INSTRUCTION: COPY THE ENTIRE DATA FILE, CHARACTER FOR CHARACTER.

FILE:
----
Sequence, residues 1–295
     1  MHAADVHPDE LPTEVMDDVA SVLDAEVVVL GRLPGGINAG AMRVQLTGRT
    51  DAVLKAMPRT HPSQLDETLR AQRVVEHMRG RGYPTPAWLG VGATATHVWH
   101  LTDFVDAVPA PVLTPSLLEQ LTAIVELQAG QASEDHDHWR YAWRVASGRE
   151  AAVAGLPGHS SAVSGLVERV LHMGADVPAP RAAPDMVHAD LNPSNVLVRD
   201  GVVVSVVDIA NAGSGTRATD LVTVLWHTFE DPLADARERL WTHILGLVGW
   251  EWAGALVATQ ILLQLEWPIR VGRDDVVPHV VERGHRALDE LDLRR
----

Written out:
Sequence, residues 1–295
     1  MHAADVHPDE LPTEVMDDVA SVLDAEVVVL GRLPGGINAG AMRVQLTGRT
    51  DAVLKAMPRT HPSQLDETLR AQRVVEHMRG RGYPTPAWLG VGATATHVWH
   101  LTDFVDAVPA PVLTPSLLEQ LTAIVELQAG QASEDHDHWR YAWRVASGRE
   151  AAVAGLPGHS SAVSGLVERV LHMGADVPAP RAAPDMVHAD LNPSNVLVRD
   201  GVVVSVVDIA NAGSGTRATD LVTVLWHTFE DPLADARERL WTHILGLVGW
   251  EWAGALVATQ ILLQLEWPIR VGRDDVVPHV VERGHRALDE LDLRR